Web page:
Vauxhall says the original 2003 Meriva invented the compact MPV segment, and it’s a strong claim, but there’s no place for self-congratulatory sentimentality in the modern car warzone.
Rivals like the Ford B-Max and Fiat 500L have swooped in for a piece of the action, so this refreshed second-gen Meriva, spotted by its extra-chromed grille, sharper-edged light clusters and new wheel designs, has a major fight on its hands. It’s got the clever door party trick, but is there more to Vauxhall’s family-friendly hatch than that?
So what’s the big change for the 2014 Vauxhall Meriva?
A (much-needed) new diesel engine. Granted, a lofty MPV gaining a new 1.6-litre turbodiesel is hardly trouser tent-pitching news, but as far as real-world cars for real-world driving go, the Meriva 1.6 CDTi is a promising thing.
The new 1.6-litre CDTi mill replaces the 1.7-litre diesel that’s offered across the Vauxhall range. Good riddance – the old 1.7 has more lag than dial-up Internet, and is as poorly refined as a Sunday league football chant.
What’s the engine spec of this shiny new diesel?
The numbers are all superior to the old 1.7 CDTi. You get 134bhp (up from 108bhp from the old engine) and a meaty 236lb ft at 2000rpm – bettering the 1.7’s 206lb ft. Way to hit the downsizing nail on the head, Vauxhall.
CO2 emissions freefall like a Chinese power station on shutdown – 160g/km to 116g/km – dropping four tax bands in the process. Vauxhall claims the six-speed manual version will achieve 64.2mpg on the combined cycle, though our test average was a more realistic (though far from awful) 44.8mpg.
It feels faster, right?
‘Fast’ is probably the wrong word, though Vauxhall does quote a huge 2.6sec saving from the Meriva’s 0-62mph time, now 9.9sec. No, what you want in an MPV is measured, accessible torque. Your playroom on wheels needs to feel spritely when empty, so it’ll cope with hauling the whole family and their assorted paraphernalia.
The 1.6 derv is a good fit for the job. There’s still a dead spot before the turbo wakes up just shy of 1800rpm, but thereafter the Meriva makes all the usual motorway sliproad and roundabout gap-spotting bursts a cinch.
The six-speed gearchange isn’t quite as clever, but its rubbery action is at least more pleasant than the reluctant notchiness of the Adam city car’s shifter, so it’s a case of ‘could be worse’.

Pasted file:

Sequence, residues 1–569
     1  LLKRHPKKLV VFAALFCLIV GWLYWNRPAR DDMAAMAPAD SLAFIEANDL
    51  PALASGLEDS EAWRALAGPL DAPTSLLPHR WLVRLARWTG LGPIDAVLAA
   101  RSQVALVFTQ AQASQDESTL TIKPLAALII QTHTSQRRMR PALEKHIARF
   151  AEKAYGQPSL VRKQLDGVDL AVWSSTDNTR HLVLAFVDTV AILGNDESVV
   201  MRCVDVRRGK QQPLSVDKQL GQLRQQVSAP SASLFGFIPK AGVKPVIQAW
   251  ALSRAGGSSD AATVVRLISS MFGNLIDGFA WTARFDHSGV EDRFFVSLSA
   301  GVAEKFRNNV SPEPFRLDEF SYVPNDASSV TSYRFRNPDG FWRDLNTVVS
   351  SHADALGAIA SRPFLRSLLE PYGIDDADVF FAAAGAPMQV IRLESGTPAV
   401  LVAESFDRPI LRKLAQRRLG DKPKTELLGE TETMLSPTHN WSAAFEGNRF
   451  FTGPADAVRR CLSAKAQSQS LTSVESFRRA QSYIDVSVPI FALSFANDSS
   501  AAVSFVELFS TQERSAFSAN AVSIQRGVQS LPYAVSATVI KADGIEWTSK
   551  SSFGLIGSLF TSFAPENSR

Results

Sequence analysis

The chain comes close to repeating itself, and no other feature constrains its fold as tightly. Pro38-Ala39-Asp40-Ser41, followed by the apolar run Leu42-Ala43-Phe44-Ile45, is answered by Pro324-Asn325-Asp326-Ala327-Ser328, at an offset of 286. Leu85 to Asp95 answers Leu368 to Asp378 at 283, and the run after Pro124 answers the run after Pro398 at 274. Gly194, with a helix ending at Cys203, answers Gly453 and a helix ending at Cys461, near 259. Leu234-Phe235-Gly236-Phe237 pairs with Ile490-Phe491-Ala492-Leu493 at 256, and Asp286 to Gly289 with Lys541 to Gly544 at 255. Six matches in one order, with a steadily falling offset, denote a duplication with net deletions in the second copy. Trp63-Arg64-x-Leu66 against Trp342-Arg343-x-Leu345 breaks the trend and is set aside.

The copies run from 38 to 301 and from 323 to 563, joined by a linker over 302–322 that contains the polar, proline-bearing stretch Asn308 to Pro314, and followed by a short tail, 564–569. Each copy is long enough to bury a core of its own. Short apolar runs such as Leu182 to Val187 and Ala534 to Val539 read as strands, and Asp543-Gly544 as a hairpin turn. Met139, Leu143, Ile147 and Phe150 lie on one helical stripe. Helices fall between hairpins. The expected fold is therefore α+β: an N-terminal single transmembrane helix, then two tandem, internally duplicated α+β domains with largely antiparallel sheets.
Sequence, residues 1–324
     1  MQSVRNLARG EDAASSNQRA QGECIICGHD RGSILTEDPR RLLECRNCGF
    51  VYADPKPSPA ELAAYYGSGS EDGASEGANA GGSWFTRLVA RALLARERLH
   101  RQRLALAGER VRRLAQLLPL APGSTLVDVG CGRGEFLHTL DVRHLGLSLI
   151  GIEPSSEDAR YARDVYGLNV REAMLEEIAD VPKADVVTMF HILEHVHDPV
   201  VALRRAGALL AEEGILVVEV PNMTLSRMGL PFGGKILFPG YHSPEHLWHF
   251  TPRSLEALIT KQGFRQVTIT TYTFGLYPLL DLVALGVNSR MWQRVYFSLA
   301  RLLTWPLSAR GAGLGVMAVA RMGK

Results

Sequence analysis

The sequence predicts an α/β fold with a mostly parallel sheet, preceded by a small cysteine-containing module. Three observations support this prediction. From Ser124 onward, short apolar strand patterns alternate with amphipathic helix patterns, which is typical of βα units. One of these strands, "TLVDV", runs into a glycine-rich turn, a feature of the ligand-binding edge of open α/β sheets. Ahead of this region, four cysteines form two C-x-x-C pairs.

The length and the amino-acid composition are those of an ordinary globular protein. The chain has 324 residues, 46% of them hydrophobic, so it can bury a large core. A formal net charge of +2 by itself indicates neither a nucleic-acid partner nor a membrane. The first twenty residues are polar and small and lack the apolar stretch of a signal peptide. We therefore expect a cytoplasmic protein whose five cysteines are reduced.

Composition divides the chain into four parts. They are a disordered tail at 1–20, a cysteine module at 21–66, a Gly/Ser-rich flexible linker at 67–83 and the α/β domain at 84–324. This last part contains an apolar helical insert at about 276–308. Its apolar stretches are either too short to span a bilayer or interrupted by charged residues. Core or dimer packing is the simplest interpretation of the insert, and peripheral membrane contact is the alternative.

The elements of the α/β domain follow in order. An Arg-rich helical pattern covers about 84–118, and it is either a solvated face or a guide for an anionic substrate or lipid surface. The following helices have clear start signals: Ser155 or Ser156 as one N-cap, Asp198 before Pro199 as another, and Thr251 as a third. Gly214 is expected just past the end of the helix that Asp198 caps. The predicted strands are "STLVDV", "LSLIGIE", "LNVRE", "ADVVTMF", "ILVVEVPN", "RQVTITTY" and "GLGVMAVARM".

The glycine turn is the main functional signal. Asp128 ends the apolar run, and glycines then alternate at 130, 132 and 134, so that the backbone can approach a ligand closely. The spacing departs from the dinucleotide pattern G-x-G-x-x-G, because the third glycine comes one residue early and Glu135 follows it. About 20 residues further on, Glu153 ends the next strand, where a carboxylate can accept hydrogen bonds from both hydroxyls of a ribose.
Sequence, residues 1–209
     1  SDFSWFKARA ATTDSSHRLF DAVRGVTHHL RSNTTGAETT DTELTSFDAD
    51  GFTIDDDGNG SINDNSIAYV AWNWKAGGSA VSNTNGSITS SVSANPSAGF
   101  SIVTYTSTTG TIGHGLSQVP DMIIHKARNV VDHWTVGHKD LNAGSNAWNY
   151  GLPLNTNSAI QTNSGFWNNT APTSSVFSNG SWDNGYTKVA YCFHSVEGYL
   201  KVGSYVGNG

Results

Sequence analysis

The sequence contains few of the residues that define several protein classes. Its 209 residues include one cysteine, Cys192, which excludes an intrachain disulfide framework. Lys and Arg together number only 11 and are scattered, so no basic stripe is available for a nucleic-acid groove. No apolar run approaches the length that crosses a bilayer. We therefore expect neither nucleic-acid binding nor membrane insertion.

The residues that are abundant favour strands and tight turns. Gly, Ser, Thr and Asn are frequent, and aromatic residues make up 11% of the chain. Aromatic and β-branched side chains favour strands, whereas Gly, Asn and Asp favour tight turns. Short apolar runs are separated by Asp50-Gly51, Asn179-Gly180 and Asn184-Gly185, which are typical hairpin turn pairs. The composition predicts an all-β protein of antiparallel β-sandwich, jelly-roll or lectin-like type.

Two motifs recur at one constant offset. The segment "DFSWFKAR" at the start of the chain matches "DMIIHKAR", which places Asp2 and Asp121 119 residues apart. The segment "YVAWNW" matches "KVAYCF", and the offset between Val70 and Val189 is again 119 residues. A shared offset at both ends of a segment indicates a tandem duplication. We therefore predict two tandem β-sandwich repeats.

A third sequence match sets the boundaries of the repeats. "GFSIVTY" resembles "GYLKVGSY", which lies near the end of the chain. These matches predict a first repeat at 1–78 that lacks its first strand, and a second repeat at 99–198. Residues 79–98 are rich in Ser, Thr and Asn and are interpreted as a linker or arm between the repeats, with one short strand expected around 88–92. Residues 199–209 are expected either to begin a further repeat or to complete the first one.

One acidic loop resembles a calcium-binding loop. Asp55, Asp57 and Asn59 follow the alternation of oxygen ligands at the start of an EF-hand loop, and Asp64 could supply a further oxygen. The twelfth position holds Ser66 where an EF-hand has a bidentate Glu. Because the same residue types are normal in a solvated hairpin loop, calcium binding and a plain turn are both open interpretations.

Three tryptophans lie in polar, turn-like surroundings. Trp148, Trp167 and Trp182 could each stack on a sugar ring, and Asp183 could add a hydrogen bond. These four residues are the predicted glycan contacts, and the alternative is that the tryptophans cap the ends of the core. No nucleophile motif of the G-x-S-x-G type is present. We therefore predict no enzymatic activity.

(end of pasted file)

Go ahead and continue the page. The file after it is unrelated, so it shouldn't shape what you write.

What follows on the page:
There’s still room for improvement as far as refinement goes. There’s too much chunter on start-up, and labouring the engine in the taller gears caused some of the suspect door card trim in our test car to rattle and buzz, as vibrations penetrated the cabin.
Is the rest of the Meriva is as before?
Pretty much, so it’s a mix of the good, bad, and ugly inside. Though Ford’s B-Max has claimed small-MPV bragging rights with its pillarless sliding arrangement, there’s still a lot to be said for the ‘FlexDoor’ openings of the Meriva. The backwards-opening rears are lightweight, and handy for loading items in a tight parking space – members of the CAR team with a young brood particularly like the advantage of being shielded from the roadside while belting in a little one.
It’s no gimmick, though neither is it a segment-changing feature that means MPVs will never be the same again. Like the wavy windowline that encourages more light into the rear of the cabin (pinched from Citroen’s old C4 Picasso), it’s merely a sign Vauxhall wasn’t on autopilot when the Meriva was on the drawing board.
When it’s next there, we’d ask for more knee and elbow room in the rear seats. The full-length glass roof of our test car does much to make the Meriva feel airy and spacious inside, but adults sitting behind are cramped if you’ve got six-footers riding up front. You get the feeling Vauxhall’s hoping potential airport taxi customers will be forced to upgrade to the larger, more expensive Zafira Tourer seven-seater.
Unfortunately, the refreshed Meriva misses out on the revamped dashboard enjoyed by the recently tweaked Insignia. Instead of that car’s on-trend touchscreen, the Meriva looks rather old-hat, with its clustered buttons and unintuitive infotainment (the Intellilink sat-nav system of our test car is a £1200 option). Apart from those pesky door trims, it’s all commendably well-finished, but sorely lacking in the wow factor that’ll drive some fashion-conscious buyers towards Citroen’s funky C3 Picasso, not to mention the admirable new C4 Picasso too.
Where does price come into the equation?
In mid-spec SE trim as tested, the 1.6 CDTi Meriva sets you back £21,370. Ford’s fine B-Max – certainly a more engaging steer but suffering an equally fussy cabin – looks a bargain, given its top model starts at £19,095. But none of its engines can hold a candle to the Meriva’s figures, with the most potent 1.6 TDCi outputting a mere 94bhp and 158lb ft. A more fair comparison (that Vauxhall would rather we overlook) is the 2.0 TDCi C-Max – almost identical power outputs close the gap, but the Ford’s thirstier, dirtier, and pricier, at £21,725.
Citroen’s impressive new C4 Picasso has even more punch in BlueHDI 150 guise, but it asks more outlay too: £22,755 in fact. Mind you, it nukes the Vauxhall for cabin capacity, never mind design flair.
The Meriva was a decent car – albeit flawed inside and under the bonnet – before its facelift, and a willing (if raucous) engine has removed one of those flies from the ointment. It doesn’t do anything palpably better than anything else in this class, but the Meriva does do most things rather well anyway.